Evening sun in the Midwest finds three old advertising billboards that speak of America in commercially happier times and are wasting into ruin. What a site for the staging of a might-be revenge drama of multi-stranded complexity, the third feature from the wickedly funny and perspicacious mind of Martin McDonagh.
Director Martin McDonagh
James Peter Dinklage
Sheriff Bill Willoughby Woody Harrelson
Red Caleb Landry Jones
Officer Jason Dixon Sam Rockwell
Anne Willoughby Abbie Cornish
Angela Kathryn Newton
Mildred Hayes Frances McDormand
Robbie Hayes Lucas Hedges
Charlie John Hawkes
Mildred Hayes (Frances McDormand) is a hard-bitten, boiler-suit-wearing mother-of-a-son who works in a gift shop and carries so much grief and resentment she set herself against her whole small town by the simple act of renting those three broken-down billboards on a side road made redundant by a new highway. Flinty and ruthless, she bullies and harasses Red (Caleb Landry Jones), the young man in charge of the local advertising agency branch, into getting them fixed and painted red to carry the following consecutive messages: ‘Raped While Dying’, ‘And Still No Arrests’, ‘How Come Chief Willoughby?’ Her teenage daughter Angela was sexually assaulted and burnt alive; in reaction, her abusive husband Charlie (John Hawkes), has run off with a 19-year-old zoo attendant, and her son Robbie (Lucas Hedges) just wants her to move on so he can get on with his life.
Mildred, though, is not having any, and it’s her sincere implacability that underpins McDonagh’s characteristically sharp and occasionally cheap instinct for laughs, with its attendant mocking of PC verities (a lot of midget jokes, for instance, at the expense of Peter Dinklage, here in a role that’s not large, but makes great romantic counterpoint to McDormand’s).
The dramatic poignancy necessary to outweigh such provoking of moral outrage comes in the form of two cops. There’s Chief Bill Willoughby himself (Woody Harrelson), who happens to be dying of cancer – and Mildred knows this – and is beloved by the townsfolk, several of whom pay for their loyalty to him in painful or shaming ways.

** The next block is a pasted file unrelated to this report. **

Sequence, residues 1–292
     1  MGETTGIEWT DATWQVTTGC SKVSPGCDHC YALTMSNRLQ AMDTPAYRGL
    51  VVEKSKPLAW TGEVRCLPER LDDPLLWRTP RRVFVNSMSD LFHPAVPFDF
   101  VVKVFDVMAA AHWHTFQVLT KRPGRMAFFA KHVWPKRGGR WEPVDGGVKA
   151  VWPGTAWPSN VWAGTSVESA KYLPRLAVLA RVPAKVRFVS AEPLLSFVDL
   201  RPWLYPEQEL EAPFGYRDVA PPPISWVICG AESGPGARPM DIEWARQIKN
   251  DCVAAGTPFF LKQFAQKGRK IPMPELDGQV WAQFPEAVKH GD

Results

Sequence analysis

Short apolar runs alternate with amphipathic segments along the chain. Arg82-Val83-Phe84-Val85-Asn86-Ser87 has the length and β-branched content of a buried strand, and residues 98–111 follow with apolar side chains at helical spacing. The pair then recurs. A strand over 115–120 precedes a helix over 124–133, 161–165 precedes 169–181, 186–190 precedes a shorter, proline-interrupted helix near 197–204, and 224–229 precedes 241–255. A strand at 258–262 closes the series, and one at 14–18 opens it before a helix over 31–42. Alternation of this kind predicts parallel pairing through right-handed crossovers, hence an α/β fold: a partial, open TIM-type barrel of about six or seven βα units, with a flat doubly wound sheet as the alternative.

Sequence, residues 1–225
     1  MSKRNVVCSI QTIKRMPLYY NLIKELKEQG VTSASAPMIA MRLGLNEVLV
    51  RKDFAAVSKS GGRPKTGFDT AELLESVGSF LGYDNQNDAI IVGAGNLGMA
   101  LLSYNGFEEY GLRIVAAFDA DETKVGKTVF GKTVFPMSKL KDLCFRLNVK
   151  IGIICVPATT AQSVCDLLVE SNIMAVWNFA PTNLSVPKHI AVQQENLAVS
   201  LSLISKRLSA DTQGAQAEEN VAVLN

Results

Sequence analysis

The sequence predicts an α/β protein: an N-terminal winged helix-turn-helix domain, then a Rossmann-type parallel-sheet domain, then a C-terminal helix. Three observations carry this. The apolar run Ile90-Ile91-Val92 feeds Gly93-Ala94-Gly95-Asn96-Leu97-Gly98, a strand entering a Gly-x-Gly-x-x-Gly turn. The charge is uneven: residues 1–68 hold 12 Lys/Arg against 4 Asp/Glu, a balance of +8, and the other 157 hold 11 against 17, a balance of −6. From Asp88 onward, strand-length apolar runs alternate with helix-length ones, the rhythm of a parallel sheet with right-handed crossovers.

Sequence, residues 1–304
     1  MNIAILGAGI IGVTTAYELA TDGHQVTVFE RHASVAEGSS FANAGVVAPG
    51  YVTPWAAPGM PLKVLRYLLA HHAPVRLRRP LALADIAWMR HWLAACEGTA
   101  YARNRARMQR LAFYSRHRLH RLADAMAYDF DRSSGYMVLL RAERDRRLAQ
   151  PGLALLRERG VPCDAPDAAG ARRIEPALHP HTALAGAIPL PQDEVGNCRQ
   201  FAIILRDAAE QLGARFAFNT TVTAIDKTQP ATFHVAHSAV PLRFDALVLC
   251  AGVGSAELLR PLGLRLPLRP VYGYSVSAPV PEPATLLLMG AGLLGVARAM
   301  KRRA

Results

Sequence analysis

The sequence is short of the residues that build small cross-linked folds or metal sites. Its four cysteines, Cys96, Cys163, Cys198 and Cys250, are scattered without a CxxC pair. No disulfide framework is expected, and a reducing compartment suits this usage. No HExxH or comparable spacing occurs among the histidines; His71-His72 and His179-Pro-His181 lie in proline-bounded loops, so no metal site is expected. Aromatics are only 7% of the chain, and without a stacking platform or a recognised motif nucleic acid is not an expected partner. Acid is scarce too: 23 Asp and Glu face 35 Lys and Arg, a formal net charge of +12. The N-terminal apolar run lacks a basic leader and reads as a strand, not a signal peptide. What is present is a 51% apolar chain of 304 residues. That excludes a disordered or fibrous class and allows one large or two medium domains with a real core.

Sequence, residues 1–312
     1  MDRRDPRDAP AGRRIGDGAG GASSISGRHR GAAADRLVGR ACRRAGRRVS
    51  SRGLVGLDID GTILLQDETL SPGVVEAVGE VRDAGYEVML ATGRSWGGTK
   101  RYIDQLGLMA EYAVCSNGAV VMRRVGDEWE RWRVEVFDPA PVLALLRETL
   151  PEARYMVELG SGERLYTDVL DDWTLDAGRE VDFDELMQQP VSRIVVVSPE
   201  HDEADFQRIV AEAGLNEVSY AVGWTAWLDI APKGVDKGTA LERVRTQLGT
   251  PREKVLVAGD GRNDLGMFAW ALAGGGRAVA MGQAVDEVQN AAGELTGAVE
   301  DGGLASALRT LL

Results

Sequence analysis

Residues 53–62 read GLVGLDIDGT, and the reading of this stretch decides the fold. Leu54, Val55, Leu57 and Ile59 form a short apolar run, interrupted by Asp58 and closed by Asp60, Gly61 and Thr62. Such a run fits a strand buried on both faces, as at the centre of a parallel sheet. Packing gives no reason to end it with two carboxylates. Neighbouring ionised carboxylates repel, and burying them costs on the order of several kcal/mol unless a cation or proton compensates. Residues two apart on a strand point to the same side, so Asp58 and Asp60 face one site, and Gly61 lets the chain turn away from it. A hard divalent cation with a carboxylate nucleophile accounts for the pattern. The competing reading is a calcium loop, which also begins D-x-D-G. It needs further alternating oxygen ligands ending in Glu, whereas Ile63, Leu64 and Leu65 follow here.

Not least of these is the other cop, Dixon (Sam Rockwell), named, I hope, in memory of his opposite, Dixon of Dock Green, a British TV cop of the 1960s who never did anything wrong. This Dixon is a ball of ignorance and spite, still living with his bigoted mother, and only recently cleared of a racist torture charge. He it is who sees the billboards as a declaration of war, but neither his character nor the war and revenge narrative plays out as predicted and instead we’re treated to a nuanced morality play that mocks itself as it goes along but leaves plenty of space for serious emotional resonances, as Mildred’s campaign escalates, and Dixon’s moral education comes on apace.
In fact Three Billboards sticks around in mind and body leaving sweet and sour flavours of its own. Yes, it’s in the Tarantino-to-Coens bandwidth that both McDonagh brothers (Martin and his fellow filmmaker John Michael) find comfortable to their talents, but it can boast of a more capacious feel for nuance than most.
Brit cinematographer Ben Davis creates that space deftly with calm images and Carter Burwell’s score gives it the right mood of folksy melancholia (song choices are dead on apt too). McDormand, the queen of cold quipping, has never been so laconic, or tragic; Harrelson gives off the generous bonhomie that lights up his best roles, but it’s Rockwell who’s the real revelation here, winning the sympathy that only the best of Calibans capture with a performance of an astonishing range of awkwardnesses. I loved it.